You will be just fine. Pack the pork, wrap it in towels and fill the cooler with more towels to eliminate open space in the cooler. Heating the hard side cooler with hot water is also a great way to go, I do that with my YETI all the time and it will hold hot food for hours and hours.

        Comment


          #6
          12 hours in a cooler sitting in the sun all day.

          Comment


            #7
            I was wonderin just how long & then read the rest of the sentence where it says " in a Cambro / cooler". Changed my whole train of thought, yessir!

            Comment


            • Jerod Broussard
              Jerod Broussard commented
              Editing a comment
              Yeah, if you can hold for more than 5 seconds, she's definitely in heat.

            #8
            Wrap it good and keep it in a cooler and it will be fine.

            Comment


              #9
              I've held a brisket 6 hours and it was still 150F when I pulled it out of the cooler! The trick is to wrap in several layers of foil, as quick as it comes off the smoker, then in several towels, and then into the smallest good cooler you have that will hold the butt. We are looking to not heat air space in the cooler here. I think you will be fine, assuming it is an 8-10 pound butt, and you get it wrapped and into the cooler while it is still over 200F.

              The concern is the time UNDER 140F, and for food safety, your are supposed to consume or refrigerate if it is under 140F for more than 2 hours. I think you will be fine.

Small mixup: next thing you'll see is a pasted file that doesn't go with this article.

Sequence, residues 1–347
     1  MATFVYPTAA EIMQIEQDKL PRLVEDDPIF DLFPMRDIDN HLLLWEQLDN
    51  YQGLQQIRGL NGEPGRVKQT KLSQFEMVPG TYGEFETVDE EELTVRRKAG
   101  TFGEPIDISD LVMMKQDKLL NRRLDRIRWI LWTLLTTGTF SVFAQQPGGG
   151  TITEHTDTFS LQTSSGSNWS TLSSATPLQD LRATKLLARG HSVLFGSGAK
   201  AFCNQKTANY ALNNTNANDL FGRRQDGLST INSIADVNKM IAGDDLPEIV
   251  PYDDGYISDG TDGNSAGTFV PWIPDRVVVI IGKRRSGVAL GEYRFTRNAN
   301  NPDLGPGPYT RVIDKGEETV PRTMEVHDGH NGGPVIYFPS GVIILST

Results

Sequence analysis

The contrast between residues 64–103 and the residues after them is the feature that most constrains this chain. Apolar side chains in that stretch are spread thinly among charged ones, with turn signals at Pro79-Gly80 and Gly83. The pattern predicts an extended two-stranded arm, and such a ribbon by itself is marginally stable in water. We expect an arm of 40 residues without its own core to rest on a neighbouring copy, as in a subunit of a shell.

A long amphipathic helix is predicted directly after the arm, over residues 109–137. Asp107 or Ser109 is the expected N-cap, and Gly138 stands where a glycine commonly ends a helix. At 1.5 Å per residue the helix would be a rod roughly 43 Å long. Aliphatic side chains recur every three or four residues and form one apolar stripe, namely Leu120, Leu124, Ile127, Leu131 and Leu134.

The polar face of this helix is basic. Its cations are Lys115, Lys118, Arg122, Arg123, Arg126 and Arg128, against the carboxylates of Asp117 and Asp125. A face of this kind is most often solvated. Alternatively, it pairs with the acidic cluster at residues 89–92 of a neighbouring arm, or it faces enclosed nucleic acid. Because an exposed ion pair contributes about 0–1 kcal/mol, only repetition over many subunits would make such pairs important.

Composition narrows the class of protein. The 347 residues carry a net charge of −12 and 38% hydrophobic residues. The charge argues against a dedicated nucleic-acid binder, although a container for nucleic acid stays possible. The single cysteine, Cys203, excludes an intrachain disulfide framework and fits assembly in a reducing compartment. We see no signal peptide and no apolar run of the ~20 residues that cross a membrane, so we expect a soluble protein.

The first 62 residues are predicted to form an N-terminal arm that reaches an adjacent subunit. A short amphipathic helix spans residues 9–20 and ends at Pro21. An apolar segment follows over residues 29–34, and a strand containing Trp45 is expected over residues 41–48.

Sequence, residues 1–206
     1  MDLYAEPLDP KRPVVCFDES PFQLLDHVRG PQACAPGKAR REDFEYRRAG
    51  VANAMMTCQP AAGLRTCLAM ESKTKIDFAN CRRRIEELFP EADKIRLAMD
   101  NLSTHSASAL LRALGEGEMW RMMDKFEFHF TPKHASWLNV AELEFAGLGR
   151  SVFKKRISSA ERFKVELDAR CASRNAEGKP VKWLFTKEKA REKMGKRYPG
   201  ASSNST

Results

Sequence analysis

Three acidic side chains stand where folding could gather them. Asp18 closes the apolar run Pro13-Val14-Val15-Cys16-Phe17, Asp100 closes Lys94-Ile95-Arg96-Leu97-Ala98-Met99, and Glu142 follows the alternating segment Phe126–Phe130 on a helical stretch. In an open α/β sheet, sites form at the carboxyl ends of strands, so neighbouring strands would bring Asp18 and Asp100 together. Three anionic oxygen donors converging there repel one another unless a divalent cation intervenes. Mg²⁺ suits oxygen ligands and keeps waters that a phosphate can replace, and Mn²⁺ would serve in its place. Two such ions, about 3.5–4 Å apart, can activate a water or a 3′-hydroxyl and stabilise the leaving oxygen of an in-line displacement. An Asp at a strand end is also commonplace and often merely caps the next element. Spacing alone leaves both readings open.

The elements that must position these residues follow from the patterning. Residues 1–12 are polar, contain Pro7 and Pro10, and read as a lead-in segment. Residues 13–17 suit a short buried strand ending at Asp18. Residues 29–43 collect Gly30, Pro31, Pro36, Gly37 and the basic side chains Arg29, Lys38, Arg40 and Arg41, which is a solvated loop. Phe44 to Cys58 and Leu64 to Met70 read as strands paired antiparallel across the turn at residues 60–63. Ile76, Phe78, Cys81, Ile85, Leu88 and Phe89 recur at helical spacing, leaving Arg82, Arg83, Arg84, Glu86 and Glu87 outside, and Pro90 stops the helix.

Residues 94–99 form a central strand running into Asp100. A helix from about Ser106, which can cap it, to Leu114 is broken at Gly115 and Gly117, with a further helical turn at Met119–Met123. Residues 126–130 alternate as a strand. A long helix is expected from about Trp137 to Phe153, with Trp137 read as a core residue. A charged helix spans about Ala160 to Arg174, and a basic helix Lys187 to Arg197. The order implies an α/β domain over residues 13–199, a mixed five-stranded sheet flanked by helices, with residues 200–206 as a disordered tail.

The other option if you just don't think you can hold it, is to do it sooner, go ahead and pull the pork, bag it up, and reheat on site. Pulled pork reheats pretty well, and if you include a BBQ sauce, most folk won't know the difference. That way you can carry it in the cooler on ice, and not worry about timing at all.
              Last edited by jfmorris; May 27, 2021, 03:27 PM.

              Comment


                #10
                Overnight until a late lunch the next day. But I cheated and warmed them up to 180 for an hour in the oven the next morning then re-cambroed.

                Comment


                  #11
                  I held one for 10-12 hours this past Saturday/ Sunday. I cooked a 10 lb butt and it came off the pit at 198* at 10pm (already foil wrapped at the stall) and I wrapped it in a beach towel and put it into the cooler. Woke up and shredded it the next morning and it was still warm, juicy, and tender.

                  Butts were on sale this week so I cooked another Sunday (they take up less space in the freezer when cooked, shredded, and vacuum sealed flat.) I pulled it off the pit at 1:30am Monday - same method as the previous night with the towel and cooler. At 7:30am it was still too hot to hand shred so I put it back into the cooler and shredded it during my lunch hour at noon.

                  Comment


                    #12
                    UPDATE: It was a success!! I held for 6 hours and it was still at 160.
                    It was actually one of the better pork shoulders I cooked in a while, super tender!!
                    Attached Files

                    Comment


                      #13
                      Overnight.

                      Comment